If President Obama is right when he said recently that inequality is the ‘defining challenge of our time’, then more attention is needed to the way people’s prospects are shaped by the places where they live and work.
In the UK, this means shining the spotlight on the deep disparities between our regions and local areas. And it means accepting that more jobs, growth and wealth generated locally are a vital part of a balanced national economy.
This is the case I make in
While talk of a ‘north-south’ divide is too simplistic – not least because wealth gaps between local areas in the same region are greater than those between regions – any serious commitment to a one-nation economic policy requires a radical and accelerated devolution of powers to deal with the widening economic divide.
The current pattern of prosperity still results in large part from the extraordinary economic dislocation between areas during the 1980s and early 90s.
Before 1979, regional differences in the unemployment rate rarely exceeded 2% of the labour force. By 1997, unemployment in parts of the north of England was almost double that in the South East and South West. GVA per head in London was twice what it was in the North East, and economic output in the South East region alone was greater than that of Scotland, Wales and Northern Ireland combined.
Some 15 years ago, Ed Balls and I - along with others - worked to set up the Regional Development Agencies (RDAs) and we wrote a series of policy blueprints for local, city and regional economic development published by the Smith Institute.
My new report reviews in detail the policy lessons from the RDAs and Local Enterprise Partnerships (LEPs). It confirms that the RDAs were successful in many ways. They combined strong economic leadership with sizeable ‘single pot’ resources to create significant change – an independent review by PwC found that for every £1 RDAs spent, regional GVA increased by £4.50.
They were largely independent of both central and local government, though some of the RDAs failed to establish local ownership of core programmes and they didn’t always work as closely as needed with councils.
Nevertheless, RDA achievements stand up well against the LEPs that replaced them in 2010. From 2000 to 2010 the poorer English regions were able to achieve almost the same rate of GVA growth as the prosperous regions but since 2010 early data show the gap in growth rates is five times greater.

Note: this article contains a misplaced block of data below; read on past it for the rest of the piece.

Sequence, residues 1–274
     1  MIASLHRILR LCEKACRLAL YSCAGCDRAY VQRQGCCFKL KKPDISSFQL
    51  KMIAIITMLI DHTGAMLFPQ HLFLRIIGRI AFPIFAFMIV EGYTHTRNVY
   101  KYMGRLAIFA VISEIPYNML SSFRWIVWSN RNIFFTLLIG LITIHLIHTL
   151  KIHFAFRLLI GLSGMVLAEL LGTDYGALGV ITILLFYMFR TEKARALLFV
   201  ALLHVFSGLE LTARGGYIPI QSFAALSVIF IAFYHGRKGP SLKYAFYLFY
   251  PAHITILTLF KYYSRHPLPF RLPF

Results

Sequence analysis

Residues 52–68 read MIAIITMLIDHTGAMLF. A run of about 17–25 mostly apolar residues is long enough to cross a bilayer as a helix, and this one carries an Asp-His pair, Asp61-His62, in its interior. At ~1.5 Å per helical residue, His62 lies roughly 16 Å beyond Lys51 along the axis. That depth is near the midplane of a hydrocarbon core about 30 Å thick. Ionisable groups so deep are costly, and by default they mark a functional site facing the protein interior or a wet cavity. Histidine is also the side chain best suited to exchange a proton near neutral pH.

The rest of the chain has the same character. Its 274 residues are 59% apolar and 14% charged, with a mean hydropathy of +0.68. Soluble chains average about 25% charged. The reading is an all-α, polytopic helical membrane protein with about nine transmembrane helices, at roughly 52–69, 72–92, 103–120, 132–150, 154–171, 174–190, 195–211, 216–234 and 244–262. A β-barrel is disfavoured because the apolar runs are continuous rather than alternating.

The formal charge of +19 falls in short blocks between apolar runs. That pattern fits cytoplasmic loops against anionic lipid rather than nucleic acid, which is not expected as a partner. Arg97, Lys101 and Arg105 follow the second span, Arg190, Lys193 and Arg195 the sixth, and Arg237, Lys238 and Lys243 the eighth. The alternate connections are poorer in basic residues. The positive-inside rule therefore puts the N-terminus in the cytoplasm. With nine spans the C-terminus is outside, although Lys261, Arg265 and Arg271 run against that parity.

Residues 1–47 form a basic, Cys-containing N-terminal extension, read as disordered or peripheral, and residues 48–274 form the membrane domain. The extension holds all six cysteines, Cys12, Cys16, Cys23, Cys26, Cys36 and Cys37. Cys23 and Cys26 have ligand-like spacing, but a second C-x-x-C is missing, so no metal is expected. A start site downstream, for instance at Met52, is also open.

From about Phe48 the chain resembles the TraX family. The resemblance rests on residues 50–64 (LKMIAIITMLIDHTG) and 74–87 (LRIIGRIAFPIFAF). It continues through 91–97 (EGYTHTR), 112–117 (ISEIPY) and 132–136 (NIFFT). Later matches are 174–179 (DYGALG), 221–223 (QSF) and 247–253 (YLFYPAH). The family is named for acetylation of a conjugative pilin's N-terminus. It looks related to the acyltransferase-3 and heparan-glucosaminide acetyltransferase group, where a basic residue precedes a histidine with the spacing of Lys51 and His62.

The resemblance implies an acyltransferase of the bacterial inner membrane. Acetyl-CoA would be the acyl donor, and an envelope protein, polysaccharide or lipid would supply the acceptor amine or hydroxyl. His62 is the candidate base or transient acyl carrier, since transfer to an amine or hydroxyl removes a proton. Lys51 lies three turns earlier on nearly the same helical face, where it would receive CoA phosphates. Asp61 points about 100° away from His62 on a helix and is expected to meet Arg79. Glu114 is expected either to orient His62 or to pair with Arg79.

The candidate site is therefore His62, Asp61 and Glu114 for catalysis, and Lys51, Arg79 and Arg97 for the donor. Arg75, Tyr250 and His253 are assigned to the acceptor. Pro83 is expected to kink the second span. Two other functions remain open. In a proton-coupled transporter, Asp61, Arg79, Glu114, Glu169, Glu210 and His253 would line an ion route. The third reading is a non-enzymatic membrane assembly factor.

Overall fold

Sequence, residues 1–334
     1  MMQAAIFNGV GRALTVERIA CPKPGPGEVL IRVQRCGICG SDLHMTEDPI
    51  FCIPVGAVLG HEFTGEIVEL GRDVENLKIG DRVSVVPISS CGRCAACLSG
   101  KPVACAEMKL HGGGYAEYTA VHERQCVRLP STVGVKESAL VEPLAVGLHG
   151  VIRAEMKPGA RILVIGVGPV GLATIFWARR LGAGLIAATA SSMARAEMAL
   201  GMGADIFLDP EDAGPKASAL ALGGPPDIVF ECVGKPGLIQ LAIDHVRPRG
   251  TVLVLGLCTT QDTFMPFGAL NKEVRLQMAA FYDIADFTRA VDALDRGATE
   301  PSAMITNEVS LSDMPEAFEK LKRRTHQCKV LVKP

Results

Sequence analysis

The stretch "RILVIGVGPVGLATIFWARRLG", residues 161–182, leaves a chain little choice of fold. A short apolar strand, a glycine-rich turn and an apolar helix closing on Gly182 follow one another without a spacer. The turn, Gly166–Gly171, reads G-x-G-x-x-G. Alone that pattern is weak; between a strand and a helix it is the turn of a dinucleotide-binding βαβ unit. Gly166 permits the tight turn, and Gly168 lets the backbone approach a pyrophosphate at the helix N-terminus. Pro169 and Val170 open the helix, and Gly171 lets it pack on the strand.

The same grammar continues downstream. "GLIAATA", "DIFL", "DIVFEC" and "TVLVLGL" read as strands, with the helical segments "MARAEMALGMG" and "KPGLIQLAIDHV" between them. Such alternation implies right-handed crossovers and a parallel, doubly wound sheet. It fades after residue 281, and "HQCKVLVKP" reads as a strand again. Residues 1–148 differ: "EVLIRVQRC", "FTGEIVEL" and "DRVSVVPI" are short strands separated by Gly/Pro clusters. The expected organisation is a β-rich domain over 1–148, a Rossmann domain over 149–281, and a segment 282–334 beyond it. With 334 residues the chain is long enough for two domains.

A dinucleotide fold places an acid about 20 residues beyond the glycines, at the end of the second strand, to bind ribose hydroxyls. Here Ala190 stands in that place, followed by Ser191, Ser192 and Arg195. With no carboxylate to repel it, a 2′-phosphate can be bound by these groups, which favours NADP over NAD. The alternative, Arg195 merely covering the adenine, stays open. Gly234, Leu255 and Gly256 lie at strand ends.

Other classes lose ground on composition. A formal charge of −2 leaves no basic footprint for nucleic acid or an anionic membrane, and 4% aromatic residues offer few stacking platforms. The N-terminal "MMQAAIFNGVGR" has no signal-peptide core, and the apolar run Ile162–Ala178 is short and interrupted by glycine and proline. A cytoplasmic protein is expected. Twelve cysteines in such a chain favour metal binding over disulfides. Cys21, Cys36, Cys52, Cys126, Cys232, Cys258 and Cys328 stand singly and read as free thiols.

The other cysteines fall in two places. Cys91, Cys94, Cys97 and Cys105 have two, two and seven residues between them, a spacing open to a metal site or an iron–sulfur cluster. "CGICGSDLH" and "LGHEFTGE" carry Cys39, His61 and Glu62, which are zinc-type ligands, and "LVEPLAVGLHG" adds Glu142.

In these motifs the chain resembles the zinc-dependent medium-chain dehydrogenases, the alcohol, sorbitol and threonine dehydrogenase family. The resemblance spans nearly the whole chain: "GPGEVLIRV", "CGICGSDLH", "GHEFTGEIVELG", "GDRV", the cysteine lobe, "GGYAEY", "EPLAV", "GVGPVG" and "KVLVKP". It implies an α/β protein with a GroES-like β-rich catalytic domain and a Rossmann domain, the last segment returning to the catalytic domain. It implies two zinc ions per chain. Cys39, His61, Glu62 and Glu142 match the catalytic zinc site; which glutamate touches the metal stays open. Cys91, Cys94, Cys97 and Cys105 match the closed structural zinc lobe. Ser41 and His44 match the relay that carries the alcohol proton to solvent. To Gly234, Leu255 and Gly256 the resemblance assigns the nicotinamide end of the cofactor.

However tempting, the report rejects sweeping away the LEPs entirely and recommends drawing on the experience of both RDAs and LEPs to make them fit for the future.
I argue for fewer, stronger, business-led LEPs with extra powers over skills, innovation, jobs programmes, export support and new business investment. Reforms are required in three main areas.
First, purpose and accountability. Lack of clarity on what LEPs do, who they report to and how their success is measured has characterised their early years, so I propose a simple high-level remit which focuses on core functions but leaves the details and priority setting to LEP areas themselves.
The Commons BIS Select Committee rightly complains about ‘an absence of any actual mechanism by which LEPs could be held to account’. To counter this at local and national level, the report recommends joint powers of sign-off on the LEP strategy for local authorities and a single sponsor department in Whitehall, which could be the Treasury to reflect its heavyweight influence and economic policy interests.
Second, geography. There are too many LEPs, and a widespread recognition that they do not always cover ‘functional economic areas’.
Rather than forcing through a top-down reorganisation, ministers should set expectations for the minimum size for a LEP area, such as a population of one million people or more, combined with evidence of a fit with a functioning economic footprint. LEPs would have the scope to change themselves, based on these new ground rules, though over the priority must be to create consistency between the boundaries of LEP, City Deal and Combined Authorities areas.
Thirdly, funding. LEPs have suffered from a serious lack of funding and an constant obligation to bid to Whitehall for any money they do receive, so Ministers have to provide the certainty of significant single pot resources for them to be able to plan for the long term.
They need the independence to decide locally on investments, based on a single strategic economic plan. There’s also a very strong case for an extra focus on areas where economic disadvantage is deeper and the restructuring required is greater.
While Balls and Adonis back my report and say it ‘provides a bedrock of evidence on which to build future growth policy’, it also echoes key recommendations from Lord Heseltine’s 2012 Growth Review and so I hope it can be a blueprint for future local economic leadership and devolution whatever the political party in Government.
John Healey MP is a former Labour Treasury and local government minister